Polk County

Lt. Richard Spencer





'Chutist Injured For Second Time.

Lieut. Richard Spencer, army paratrooper, husband of Mrs. Jo Anne Spencer, 1347 Thirty-ninth st., was wounded the second time in France about Sept. 8, he has informed his wife.

Lieutenant Spencer first was wounded Aug 22, a week after he jumped during the southern invasion in France. At that time he was wounded by a mortar shell and awarded the purple heart. In September he was wounded by a grenade.

A graduate of Roosevelt High school and State University of Iowa, Lieutenant Spencer entered the service in January, 1943, and has been overseas since the last of May. He has a 5-week-old daughter, Barbara Jo.

Source: The Des Moines Tribune, September 21, 1944

It happened in Iowa ---

Scout War Hero

A French Boy Scout led Lieut. Richard Spencer's platoon through the German lines to relieve another surrounded by Germans, the paratrooper officer has written to his wife, JoAnne Nicholsen Spencer, 1347 Thirty-ninth st.

Lieutenant Spencer, an Eagle Scout, added that the French Boy Scout organization has been exceedingly active in the underground movement.

The men taken behind the lines carried medical and other relief supplies and food, Lieutenant Spencer wrote.

The incident occurred sometime between Aug. 15, when he made a jump during the southern invasion in France, and Aug. 22, when he was wounded by a mortar shell, Mrs. Spencer said. He was wounded in September by a grenade.

Lieutenant Spencer has been overseas since May.

A French Scout presented Lieutenant Spencer with a French Scout belt and insignia.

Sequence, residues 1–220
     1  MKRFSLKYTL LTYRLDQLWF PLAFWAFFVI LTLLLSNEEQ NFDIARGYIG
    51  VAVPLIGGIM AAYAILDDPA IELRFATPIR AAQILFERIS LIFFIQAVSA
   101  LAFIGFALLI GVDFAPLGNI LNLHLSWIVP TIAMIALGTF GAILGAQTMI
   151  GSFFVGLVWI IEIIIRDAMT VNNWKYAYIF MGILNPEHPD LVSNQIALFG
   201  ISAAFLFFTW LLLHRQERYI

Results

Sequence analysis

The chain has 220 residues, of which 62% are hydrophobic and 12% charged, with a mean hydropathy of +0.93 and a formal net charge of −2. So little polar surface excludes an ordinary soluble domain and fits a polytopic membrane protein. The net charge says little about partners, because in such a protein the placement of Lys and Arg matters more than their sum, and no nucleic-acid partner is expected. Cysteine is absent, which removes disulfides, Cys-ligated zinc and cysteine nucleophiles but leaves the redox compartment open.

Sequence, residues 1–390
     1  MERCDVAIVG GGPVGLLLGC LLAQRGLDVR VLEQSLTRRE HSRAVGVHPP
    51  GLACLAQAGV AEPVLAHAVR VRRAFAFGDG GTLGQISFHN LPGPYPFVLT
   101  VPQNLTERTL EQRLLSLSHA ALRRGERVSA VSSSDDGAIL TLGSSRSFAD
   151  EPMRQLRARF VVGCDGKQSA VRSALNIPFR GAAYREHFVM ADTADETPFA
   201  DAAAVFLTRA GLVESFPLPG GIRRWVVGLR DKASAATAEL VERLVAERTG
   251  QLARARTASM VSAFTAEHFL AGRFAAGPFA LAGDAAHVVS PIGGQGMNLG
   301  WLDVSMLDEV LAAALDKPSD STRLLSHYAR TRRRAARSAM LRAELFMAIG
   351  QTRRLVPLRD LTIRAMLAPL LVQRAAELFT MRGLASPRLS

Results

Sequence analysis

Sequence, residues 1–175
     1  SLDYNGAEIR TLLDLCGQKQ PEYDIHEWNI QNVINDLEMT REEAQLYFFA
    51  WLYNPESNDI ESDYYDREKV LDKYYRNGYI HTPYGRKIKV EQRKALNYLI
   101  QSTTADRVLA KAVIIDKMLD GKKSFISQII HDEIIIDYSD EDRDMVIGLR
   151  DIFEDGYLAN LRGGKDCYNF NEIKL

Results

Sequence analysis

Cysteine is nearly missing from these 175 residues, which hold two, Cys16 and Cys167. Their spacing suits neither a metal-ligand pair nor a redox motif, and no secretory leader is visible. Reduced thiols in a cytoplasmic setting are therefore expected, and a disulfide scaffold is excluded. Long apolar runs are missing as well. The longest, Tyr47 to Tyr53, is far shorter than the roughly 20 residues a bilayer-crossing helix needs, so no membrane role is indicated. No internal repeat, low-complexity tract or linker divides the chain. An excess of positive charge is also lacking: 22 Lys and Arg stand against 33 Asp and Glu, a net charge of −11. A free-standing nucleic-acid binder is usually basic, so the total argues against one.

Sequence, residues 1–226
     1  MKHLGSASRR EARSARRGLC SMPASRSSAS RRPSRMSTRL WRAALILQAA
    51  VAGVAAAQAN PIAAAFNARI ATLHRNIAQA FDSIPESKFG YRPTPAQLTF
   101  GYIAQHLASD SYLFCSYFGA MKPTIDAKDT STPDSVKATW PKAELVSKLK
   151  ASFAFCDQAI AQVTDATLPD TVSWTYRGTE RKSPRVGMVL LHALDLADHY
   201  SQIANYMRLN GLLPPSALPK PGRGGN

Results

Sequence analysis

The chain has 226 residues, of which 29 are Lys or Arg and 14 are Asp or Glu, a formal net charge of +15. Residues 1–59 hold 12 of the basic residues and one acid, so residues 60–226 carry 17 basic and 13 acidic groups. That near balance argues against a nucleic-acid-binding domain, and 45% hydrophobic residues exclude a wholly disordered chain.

Source: The Des Moines Register, October 25, 1944 (photo included)

Des Moines in the Services

Relatives and friends of paratroopers in the 517th combat team in this country have received a Christmas greeting designed for his fellows by Lieut. Richard Spencer, whose wife lives at 1347 Thirty-ninth st.

A 30,000-copy printing was made of the greeting, a cartoon of a parachuting American soldier, Mrs. Spencer said. The lieutenant, a 1942 graduate of the State University of Iowa, also designed individual greetings for officers.

The Iowans team jumped in the invasion in southern France in August. Before going to war he did some cartooning for commercial advertising.

Source: The Des Moines Tribune, December 25, 1944 (V-mail image included)


Buddies Recall Experiences In Europe; Await Trip Home

By Frank Miles
(Daily Times Herald War Correspondent)

Paris, France (IDPA) -- Lieutenants Richard Spencer, Des Moines and E.J. Pinkston, Council Bluffs, got hot from throwing cold water on each other while taking shower baths at the ATO fraternity house at the University of Iowa, tussled and then became fast friends. Soon after the United States was forced into World War II they decided to be paratroopers and joined the army together.

They were commissioned at the same time after finishing a course at the officers candidate school at Fort Benning, Ga., took special training at the same class at Taccoa, Ga., and were assigned to the 517th parachute infantry regiment. Attached to the 36th division, they landed at Naples, fought in Italy, entered France when Americans forces attacked Marseilles and nearby places in August 1944.

At St. Nazaire a German mortar shell explode close to Spencer, blowing him over a stone fence to come down at at the feet of Pinkston, Spencer was bleeding profusely but was dazed and didn't realize he was hurt until his pal repeatedly told him while administering first aid. Pinkston was wounded soon afterward by a piece of a flying Jerry steel.

They went northeast through France and into Belgium, where they were in the Battle of the Bulge, then fought in Germany. I met them in Paris, a happy pair because they thought they were going home before being ordered to the Pacific. Each wore four Battle Stars, the Purple Heart and the Combat Infantryman's badge.

"Those Iowans are real fighters and great guys," said a Michigan officer who had been with them over a long period.

Source: Carroll Daily Times Herald, July 10, 1945